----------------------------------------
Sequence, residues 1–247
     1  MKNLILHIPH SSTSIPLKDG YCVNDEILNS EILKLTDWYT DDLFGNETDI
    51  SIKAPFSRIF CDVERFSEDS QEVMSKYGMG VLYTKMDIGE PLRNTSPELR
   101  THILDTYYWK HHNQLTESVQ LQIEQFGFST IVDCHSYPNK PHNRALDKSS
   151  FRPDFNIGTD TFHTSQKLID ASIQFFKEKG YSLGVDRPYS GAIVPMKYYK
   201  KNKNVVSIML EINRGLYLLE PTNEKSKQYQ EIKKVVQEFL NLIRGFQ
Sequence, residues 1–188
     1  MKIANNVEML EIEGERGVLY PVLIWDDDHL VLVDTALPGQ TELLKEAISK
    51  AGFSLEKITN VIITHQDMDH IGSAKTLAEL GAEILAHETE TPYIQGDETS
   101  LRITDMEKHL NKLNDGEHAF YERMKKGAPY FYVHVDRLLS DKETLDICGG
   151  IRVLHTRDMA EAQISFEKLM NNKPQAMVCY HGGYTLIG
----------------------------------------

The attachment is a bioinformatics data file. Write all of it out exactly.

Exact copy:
Sequence, residues 1–247
     1  MKNLILHIPH SSTSIPLKDG YCVNDEILNS EILKLTDWYT DDLFGNETDI
    51  SIKAPFSRIF CDVERFSEDS QEVMSKYGMG VLYTKMDIGE PLRNTSPELR
   101  THILDTYYWK HHNQLTESVQ LQIEQFGFST IVDCHSYPNK PHNRALDKSS
   151  FRPDFNIGTD TFHTSQKLID ASIQFFKEKG YSLGVDRPYS GAIVPMKYYK
   201  KNKNVVSIML EINRGLYLLE PTNEKSKQYQ EIKKVVQEFL NLIRGFQ
Sequence, residues 1–188
     1  MKIANNVEML EIEGERGVLY PVLIWDDDHL VLVDTALPGQ TELLKEAISK
    51  AGFSLEKITN VIITHQDMDH IGSAKTLAEL GAEILAHETE TPYIQGDETS
   101  LRITDMEKHL NKLNDGEHAF YERMKKGAPY FYVHVDRLLS DKETLDICGG
   151  IRVLHTRDMA EAQISFEKLM NNKPQAMVCY HGGYTLIG